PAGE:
The case demonstrated the value of legal action as a way of improving development outcomes because of opportunities afforded to obtain information and for negotiation.
.Paradise Dam Fisheries Tribunal appeal
Armstrong & Joss v Department of Primary Industries & Burnett Water Pty Ltd  FT 515
EDO Qld acted for lungfish expert Professor Jean Joss and Graeme Armstrong in an appeal to the Fisheries Tribunal regarding a potential preliminary approval for a fishway for Paradise Dam on the Burnett River. Our clients had been denied information about the status of the approval. The appeal clarified that the fishway design had not yet been finalised nor a permit granted, so there was no capacity to appeal an approval. The appeal was successfully settled with a commitment given that Professor Joss would be given opportunity to be briefed on the design of the fishway.
Solicitors: Jo-Anne Bragg, Larissa Waters
.Paradise Dam case
Wide Bay Conservation Council Inc v Burnett Water Pty Ltd  FCA 1900
Wide Bay Conservation Council Inc v Burnett Water Pty Ltd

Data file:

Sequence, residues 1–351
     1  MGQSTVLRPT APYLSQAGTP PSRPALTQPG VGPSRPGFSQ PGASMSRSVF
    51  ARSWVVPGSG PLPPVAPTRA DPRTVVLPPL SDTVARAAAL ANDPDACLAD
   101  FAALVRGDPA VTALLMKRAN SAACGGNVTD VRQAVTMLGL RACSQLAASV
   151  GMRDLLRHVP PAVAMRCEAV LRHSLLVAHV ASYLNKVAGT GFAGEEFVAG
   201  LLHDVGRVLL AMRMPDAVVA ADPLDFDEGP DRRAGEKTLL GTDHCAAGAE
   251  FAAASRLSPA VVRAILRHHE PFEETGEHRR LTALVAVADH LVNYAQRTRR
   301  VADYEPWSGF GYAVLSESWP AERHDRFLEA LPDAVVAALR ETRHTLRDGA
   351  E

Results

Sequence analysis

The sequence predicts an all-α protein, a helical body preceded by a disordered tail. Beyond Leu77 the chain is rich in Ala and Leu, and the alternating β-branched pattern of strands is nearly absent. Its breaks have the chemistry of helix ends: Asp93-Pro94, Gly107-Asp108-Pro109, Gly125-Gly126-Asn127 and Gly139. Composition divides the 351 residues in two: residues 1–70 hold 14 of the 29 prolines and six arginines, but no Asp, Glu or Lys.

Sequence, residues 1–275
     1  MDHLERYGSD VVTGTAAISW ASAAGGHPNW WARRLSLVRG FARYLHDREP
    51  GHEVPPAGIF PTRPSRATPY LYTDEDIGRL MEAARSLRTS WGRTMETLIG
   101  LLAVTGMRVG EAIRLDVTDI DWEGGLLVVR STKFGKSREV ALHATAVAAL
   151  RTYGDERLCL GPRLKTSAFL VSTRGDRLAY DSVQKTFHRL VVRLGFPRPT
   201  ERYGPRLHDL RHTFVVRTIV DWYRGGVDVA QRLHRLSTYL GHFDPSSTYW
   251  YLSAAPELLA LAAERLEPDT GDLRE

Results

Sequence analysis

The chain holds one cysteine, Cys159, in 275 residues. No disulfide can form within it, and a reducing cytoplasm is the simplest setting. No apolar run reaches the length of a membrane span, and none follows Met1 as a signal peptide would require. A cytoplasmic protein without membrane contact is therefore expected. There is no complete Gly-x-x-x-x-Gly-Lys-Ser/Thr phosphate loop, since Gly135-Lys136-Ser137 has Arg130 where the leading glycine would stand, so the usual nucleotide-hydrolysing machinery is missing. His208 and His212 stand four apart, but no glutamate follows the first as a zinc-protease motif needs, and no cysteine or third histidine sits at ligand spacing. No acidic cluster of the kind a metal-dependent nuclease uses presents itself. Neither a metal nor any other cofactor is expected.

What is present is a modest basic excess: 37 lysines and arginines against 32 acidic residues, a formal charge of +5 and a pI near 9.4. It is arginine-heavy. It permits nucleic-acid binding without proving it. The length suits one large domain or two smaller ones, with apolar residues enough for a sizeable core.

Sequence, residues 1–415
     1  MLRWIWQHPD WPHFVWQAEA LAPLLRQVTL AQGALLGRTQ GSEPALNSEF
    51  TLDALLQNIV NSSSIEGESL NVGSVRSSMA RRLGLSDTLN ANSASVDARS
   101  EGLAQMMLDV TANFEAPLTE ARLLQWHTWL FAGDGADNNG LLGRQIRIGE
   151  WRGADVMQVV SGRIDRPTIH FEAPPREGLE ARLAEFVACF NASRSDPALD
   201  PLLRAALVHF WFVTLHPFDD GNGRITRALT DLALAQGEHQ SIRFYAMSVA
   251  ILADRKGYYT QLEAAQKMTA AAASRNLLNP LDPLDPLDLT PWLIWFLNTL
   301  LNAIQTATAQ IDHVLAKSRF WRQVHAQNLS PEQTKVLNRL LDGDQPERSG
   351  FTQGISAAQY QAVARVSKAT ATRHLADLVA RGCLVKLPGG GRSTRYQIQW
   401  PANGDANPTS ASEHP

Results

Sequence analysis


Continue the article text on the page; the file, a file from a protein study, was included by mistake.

(corrigendum 15 December 2008)  FCA 1900)
Wide Bay Conservation Council Inc v Burnett Water Pty Ltd (No 2)  FCA 237
Wide Bay Conservation Council Inc v Burnett Water Pty Ltd (No 3)  FCA 540
Wide Bay Conservation Council Inc v Burnett Water Pty Ltd (No 4)  FCA 1013
Wide Bay Conservation Council Inc v Burnett Water Pty Ltd (No 5)  FCA 1320
Wide Bay Conservation Council Inc v Burnett Water Pty Ltd (No 6)  FCA 1363
Wide Bay Conservation Council Inc v Burnett Water Pty Ltd (No 7)  FCA 1376
Represented by EDO Qld, the Wide Bay Burnett Conservation Council (WBBCC) sought to compel Burnett Water, the owner and operator of the Paradise Dam on the Burnett River, to abide by a condition of its approval under the Environment Protection and Biodiversity Conservation Act 1999 (Cth) (EPBC Act) relevant to lungfish.
WBBCC sought a declaration under the Federal Court of Australia Act 1976 (Cth) and an injunction under the EPBC Act to restrain an alleged contravention by Burnett Water. This was the first case to focus on compliance with approval conditions under the EPBC Act. WBBCC received a grant of Commonwealth public interest test case funding, the first given for an environmental case in over a decade, in recognition of the important public interest elements in the case.